Over a third of British households miss out on monetary savings by not changing home energy use
New research reveals households have not taken steps to change their home energy usage, despite the opportunity to save money and cut contributions to global warming.
New research marking the start of Big Energy Saving Week 2020 (20-26 January) has revealed a significant gap in consumer understanding about managing their household energy use and the simple steps people can take to reduce their carbon footprint.
The survey, conducted by Citizens Advice and Energy Saving Trust, shows that over a third (36%) of British households have not made changes to their energy usage at home in recent years. That’s 9.7 million households that experts say need more help and encouragement with ways to save money and reduce their household emissions.
Almost three-quarters (73%) of people are surprised to hear the extent British homes contribute to global warming. British homes are responsible for around 25% of carbon emissions, making them one of the biggest contributors to the UK’s greenhouse gas emissions.
Head of Consumer Advice at Energy Saving Trust, Laura McGadie, said:
Our research shows that while great strides have been made by some households, more can be done, and by more people. If every household in Britain made just a handful of energy saving changes, the combined impact could make a big difference to our finances and the environment. We are committed to inspiring everyone to make small changes to their energy saving habits this Big Energy Saving Week 2020 – particularly those who will benefit most from the money they could save.
The vast majority of households (87%) think small changes will make little or no difference to their finances. A third of respondents (31%) don’t consider managing their energy use as a priority or think it would cost them something to control it (19%).
However, new analysis by the Energy Saving Trust has found that 4 simple changes alone have the potential to save households around £100 a year – and help towards the UK reaching net zero emissions by 2050:
Turning your thermostat down by 1 degree would save households £800 million and cut 3.3 million tonnes of carbon emissions every year
Changing your all your lightbulbs to LEDs would save households £230 million and 430 thousand tonnes of carbon emissions every year
Turning appliances off rather than keeping them on standby would save households £690 million and curb the release of 1.3 million tonnes of carbon emissions
Only using the right amount of water in your kettle would save households £1.1 billion and stop 2 million tonnes of carbon emissions being released annually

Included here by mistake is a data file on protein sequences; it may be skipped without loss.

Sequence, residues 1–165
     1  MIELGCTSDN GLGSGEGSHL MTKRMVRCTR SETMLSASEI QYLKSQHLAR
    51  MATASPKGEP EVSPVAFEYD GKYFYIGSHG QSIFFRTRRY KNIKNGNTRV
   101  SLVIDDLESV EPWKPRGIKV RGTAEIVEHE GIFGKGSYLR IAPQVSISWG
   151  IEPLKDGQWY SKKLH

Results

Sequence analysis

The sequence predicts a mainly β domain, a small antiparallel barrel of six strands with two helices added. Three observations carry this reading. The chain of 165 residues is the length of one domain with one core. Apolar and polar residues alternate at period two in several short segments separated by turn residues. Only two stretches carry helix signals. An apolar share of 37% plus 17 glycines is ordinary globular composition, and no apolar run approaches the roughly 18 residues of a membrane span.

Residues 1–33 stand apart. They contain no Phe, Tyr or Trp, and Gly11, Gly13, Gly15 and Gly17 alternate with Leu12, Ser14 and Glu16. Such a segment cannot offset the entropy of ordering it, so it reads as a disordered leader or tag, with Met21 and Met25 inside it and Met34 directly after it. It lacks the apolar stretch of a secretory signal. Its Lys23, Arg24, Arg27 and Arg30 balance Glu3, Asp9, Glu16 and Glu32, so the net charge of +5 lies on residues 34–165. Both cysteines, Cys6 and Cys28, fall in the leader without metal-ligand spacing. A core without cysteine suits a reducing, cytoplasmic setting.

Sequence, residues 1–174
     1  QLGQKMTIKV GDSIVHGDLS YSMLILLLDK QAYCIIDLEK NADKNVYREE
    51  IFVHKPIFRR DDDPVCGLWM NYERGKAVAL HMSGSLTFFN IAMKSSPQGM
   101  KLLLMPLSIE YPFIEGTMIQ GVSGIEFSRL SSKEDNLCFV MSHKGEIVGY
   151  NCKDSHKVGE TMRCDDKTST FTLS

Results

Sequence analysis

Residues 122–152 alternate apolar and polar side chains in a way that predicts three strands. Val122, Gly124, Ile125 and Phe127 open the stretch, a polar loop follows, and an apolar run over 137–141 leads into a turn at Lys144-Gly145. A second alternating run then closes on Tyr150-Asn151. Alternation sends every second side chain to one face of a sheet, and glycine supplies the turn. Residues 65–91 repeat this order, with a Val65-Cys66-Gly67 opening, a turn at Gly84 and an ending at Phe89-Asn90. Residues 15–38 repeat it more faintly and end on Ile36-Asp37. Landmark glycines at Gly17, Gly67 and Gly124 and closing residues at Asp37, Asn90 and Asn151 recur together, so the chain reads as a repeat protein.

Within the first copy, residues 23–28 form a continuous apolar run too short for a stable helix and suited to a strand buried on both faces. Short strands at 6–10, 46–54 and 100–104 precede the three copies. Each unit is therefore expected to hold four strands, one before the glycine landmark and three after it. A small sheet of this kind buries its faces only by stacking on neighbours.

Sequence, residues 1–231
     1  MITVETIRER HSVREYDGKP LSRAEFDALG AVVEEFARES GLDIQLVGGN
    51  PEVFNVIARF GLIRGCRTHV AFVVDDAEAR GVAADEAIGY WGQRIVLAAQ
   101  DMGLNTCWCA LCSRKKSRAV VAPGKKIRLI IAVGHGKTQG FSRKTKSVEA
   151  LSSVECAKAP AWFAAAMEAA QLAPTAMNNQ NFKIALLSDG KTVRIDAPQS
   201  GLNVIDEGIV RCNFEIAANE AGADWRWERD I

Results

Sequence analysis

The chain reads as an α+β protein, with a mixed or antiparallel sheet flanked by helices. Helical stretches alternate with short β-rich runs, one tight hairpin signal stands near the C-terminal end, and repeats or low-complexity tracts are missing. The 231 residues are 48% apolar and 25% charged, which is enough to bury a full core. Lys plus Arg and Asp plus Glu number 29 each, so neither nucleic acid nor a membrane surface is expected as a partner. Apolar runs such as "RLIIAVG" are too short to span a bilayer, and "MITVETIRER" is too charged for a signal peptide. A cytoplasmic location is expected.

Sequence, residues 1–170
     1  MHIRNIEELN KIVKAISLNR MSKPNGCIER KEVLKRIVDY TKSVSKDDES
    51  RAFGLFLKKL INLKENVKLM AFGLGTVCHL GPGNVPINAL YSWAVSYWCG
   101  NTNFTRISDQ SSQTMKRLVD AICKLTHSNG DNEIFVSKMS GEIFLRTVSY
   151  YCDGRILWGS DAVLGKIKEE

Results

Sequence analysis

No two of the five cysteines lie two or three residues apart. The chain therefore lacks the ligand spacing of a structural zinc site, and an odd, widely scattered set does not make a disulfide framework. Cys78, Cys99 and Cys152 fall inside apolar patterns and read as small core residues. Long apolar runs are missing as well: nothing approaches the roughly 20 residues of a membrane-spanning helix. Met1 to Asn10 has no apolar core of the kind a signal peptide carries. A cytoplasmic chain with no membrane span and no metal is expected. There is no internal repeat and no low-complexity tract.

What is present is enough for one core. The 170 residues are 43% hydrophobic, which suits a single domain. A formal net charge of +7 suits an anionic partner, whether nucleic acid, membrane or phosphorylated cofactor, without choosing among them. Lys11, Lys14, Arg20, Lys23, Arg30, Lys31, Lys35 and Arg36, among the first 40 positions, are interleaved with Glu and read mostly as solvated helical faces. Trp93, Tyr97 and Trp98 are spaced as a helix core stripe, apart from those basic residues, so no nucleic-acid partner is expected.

The total carbon savings if households took these 4 simple steps would be the equivalent of taking around 3 million cars off the road.
Business and Energy Secretary, Andrea Leadsom, said:
You’d be surprised at what small steps can make a big difference – both to energy bills and to your contribution to climate change. During Big Energy Saving Week, I’d urge everyone to contact the Simple Energy Advice Service to see what they can do – whether it’s changing lightbulbs, switching provider or turning down the thermostat when away from home – to cut their emissions, and their bills.
Chief Executive of Citizens Advice, Gillian Guy, said:
This year Big Energy Saving Week is all about how we can make small changes to our everyday lives that help save money and have a positive impact on the environment.
Our homes are responsible for nearly a quarter of British carbon emissions, so this is a great opportunity to really make a difference. Reducing the amount of energy we use cuts our household bills, so going greener can help you keep out of the red.
A quarter of British households say being given hints and tips would motivate them to make energy saving changes. To help, Citizens Advice, Energy Saving Trust and BEIS are launching an expert-approved list of 20 ways to save (2.10MB) as part of Big Energy Saving Week 2020, urging people to take their first step or do more on their energy saving journey. Consumers are also encouraged to contact the Simple Energy Advice Service for information and support.
More than 460 events will also be taking place across the country at various locations, including Citizens Advice centres, aimed at helping people get advice, save money and reduce their carbon footprint.
- By: seeeco
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